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The world is undergoing massive atmospheric and ecological change, driving unprecedented challenges to human well-being. Olfaction is a key sensory system through which these impacts occur. The sense of smell influences quality of and satisfaction with life, emotion, emotion regulation, cognitive function, social interactions, dietary choices, stress, and depressive symptoms. Exposures via the olfactory pathway can also lead to (anti-)inflammatory outcomes. Increased understanding is needed regarding the ways in which odorants generated by nature (i.e., natural olfactory environments) affect human well-being. With perspectives from a range of health, social, and natural sciences, we provide an overview of this unique sensory system, four consensus statements regarding olfaction and the environment, and a conceptual framework that integrates the olfactory pathway into an understanding of the effects of natural environments on human well-being. We then discuss how this framework can contribute to better accounting of the impacts of policy and land-use decision-making on natural olfactory environments and, in turn, on planetary health.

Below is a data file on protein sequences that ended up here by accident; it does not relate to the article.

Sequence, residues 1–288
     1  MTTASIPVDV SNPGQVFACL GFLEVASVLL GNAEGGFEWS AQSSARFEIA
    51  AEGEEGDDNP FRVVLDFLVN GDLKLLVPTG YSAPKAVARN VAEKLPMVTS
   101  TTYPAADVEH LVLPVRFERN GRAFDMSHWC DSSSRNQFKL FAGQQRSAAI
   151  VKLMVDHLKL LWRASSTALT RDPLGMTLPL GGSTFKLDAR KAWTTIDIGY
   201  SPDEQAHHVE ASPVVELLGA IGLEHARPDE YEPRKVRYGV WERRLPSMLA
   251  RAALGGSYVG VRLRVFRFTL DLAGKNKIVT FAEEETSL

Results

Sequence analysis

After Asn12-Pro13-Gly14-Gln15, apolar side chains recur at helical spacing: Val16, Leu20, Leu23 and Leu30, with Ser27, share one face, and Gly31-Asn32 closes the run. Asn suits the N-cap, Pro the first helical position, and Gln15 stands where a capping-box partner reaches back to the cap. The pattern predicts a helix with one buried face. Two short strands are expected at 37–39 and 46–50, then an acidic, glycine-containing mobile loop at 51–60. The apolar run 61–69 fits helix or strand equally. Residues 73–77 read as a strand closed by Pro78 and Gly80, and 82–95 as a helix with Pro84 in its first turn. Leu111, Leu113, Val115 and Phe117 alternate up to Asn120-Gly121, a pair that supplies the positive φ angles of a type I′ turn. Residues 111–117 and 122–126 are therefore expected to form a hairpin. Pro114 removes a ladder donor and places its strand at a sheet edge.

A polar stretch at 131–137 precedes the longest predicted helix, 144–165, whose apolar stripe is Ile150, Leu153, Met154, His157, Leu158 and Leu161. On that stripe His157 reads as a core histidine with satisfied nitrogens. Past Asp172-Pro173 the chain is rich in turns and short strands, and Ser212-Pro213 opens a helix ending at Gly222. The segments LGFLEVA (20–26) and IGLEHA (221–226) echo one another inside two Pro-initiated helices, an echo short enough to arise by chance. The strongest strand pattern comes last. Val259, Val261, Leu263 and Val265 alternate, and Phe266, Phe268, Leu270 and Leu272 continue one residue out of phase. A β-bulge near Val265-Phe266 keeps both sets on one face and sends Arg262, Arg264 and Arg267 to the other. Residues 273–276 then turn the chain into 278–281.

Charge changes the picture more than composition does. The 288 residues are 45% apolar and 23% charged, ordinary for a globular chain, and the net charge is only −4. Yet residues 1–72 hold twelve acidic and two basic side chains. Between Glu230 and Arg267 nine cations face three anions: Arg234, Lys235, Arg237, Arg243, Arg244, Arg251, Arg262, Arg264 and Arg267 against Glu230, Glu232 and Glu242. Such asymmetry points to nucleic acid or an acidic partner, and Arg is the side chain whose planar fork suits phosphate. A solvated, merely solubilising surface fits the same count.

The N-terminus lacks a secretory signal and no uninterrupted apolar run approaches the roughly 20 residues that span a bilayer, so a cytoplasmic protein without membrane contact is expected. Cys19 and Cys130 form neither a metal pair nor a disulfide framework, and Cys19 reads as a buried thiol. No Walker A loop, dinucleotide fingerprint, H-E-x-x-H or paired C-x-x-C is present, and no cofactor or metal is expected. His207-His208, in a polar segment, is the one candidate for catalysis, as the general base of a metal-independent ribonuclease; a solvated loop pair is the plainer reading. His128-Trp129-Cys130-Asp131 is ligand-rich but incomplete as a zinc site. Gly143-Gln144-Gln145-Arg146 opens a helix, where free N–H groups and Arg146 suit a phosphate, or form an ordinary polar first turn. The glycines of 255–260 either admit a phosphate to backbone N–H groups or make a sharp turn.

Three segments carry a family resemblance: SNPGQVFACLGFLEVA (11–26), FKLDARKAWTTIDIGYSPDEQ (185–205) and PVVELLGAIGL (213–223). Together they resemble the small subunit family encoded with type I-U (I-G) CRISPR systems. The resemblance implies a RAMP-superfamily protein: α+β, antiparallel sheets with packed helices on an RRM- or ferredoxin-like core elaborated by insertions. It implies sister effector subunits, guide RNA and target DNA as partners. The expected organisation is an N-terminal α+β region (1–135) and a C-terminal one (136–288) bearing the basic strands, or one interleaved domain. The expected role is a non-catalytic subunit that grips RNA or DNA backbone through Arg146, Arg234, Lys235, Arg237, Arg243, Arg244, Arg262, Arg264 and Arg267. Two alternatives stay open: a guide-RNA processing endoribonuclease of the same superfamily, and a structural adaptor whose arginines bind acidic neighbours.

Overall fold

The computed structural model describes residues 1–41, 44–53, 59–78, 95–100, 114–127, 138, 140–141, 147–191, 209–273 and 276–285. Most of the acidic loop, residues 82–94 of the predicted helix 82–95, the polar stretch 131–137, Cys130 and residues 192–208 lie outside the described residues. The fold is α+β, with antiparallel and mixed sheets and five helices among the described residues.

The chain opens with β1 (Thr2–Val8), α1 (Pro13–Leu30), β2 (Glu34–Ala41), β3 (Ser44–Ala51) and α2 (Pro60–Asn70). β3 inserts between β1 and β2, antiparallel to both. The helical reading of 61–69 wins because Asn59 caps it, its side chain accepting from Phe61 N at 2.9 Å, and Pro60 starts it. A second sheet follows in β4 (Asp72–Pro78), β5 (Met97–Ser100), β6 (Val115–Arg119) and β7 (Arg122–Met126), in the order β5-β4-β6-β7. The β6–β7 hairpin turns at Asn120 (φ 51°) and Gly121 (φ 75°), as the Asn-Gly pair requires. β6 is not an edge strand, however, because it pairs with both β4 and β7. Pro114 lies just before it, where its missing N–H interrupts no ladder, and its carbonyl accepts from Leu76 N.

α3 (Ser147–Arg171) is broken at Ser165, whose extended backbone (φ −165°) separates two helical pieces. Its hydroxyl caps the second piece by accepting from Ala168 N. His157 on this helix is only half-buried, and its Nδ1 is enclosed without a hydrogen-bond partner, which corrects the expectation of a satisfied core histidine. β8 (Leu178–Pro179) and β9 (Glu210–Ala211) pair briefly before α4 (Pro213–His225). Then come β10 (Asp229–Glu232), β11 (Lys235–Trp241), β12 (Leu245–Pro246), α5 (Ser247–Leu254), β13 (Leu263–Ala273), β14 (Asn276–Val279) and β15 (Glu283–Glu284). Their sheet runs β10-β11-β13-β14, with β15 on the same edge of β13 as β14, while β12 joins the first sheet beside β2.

Original publication




Journal article


Sci Adv

Publication Date





Humans, Smell, Olfactory Pathways, Odorants, Nature, Environment